What is Nutritional Cosmetics?: An Esthetician’s Guide

Image of natural products that can be used in nutritional cosmetics

Do you have a holistic approach to skin care? Interested in learning more about nutritional cosmetics? Many estheticians understand that skin care is about more than the topical ointments and the makeup someone puts on the outside of their bodies. Skin care also involves the diet and nutrients someone puts inside their body. This is called nutritional cosmetics.

What is Nutritional Cosmetics?

Nutritional cosmetics involve a holistic approach to healthy, glowing skin. The concept is based on how our diet affects our appearance. It focuses on certain dietary ingredients that are marketed as products that improve the skin’s appearance and health.

Traditional care of the skin involves choosing the best makeup for your skin type as well as the level of SPF protection your skin needs when you’re out in the sun. Taking excellent care of your skin is essential for your well-being and overall good health. The skin creates a protective barrier against toxins that can be harmful.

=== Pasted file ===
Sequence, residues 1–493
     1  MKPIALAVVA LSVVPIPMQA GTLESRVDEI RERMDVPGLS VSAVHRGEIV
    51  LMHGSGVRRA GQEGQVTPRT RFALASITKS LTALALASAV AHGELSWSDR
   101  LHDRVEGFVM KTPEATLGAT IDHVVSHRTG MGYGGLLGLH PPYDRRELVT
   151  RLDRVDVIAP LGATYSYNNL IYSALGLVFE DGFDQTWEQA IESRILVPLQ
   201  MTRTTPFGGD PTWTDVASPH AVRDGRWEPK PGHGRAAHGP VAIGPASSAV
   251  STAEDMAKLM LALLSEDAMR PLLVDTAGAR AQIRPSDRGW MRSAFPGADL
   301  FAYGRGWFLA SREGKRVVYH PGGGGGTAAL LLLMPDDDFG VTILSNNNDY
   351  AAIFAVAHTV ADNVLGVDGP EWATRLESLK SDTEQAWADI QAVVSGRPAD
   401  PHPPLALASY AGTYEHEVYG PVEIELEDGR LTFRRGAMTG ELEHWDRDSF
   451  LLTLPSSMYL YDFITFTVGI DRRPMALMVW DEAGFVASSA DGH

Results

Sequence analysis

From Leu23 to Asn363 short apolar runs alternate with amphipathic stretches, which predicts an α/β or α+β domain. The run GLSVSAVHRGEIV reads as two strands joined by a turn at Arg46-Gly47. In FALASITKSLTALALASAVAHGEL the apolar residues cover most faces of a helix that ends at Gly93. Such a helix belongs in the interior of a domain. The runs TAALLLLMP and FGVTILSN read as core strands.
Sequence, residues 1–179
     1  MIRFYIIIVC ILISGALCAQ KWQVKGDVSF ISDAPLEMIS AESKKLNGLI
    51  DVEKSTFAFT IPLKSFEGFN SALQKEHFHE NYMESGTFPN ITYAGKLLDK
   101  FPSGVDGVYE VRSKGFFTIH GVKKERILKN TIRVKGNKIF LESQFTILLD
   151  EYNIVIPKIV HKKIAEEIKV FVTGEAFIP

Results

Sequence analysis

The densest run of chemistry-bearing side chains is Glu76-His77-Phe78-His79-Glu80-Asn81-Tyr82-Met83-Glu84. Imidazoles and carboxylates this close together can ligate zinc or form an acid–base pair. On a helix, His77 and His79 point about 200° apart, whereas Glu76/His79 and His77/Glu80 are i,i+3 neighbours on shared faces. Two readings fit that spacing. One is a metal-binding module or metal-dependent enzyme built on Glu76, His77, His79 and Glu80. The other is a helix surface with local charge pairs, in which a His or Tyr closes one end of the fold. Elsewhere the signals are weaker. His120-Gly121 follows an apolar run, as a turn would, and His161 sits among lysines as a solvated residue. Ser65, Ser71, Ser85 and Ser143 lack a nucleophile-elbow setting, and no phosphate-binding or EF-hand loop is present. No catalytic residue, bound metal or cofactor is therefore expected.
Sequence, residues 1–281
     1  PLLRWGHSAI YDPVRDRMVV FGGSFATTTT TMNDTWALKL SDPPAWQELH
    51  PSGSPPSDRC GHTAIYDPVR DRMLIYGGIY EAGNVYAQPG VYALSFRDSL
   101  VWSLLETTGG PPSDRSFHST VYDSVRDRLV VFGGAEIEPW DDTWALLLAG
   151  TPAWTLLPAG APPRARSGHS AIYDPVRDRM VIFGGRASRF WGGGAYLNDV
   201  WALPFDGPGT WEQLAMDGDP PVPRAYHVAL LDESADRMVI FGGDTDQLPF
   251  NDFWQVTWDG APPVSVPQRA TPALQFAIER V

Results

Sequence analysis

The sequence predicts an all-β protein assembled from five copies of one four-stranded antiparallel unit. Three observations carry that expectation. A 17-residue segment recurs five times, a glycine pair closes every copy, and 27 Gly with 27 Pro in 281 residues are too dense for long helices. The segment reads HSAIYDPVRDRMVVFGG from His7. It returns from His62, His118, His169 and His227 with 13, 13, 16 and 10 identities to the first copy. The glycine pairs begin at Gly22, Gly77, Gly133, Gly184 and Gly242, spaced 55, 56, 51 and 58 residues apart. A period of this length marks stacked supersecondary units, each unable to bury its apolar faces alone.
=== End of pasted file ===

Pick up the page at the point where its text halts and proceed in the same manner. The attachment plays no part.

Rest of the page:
What Does Skin Do for Our Bodies?

The skin is the largest organ in the body, encompassing approximately 20 square feet. The skin allows the sensations of touch, cold, and heat. Our skin helps to regulate our body temperature and protects us from the elements and microbes. There are three layers to the skin, including:


The epidermis is the outermost layer of the skin. The epidermis creates our skin tone and provides us with a waterproof barrier. The color of the skin is created by melanocytes, which are cells that produce the pigment known as melanin. The melanocytes that produce pigment are located in the epidermis.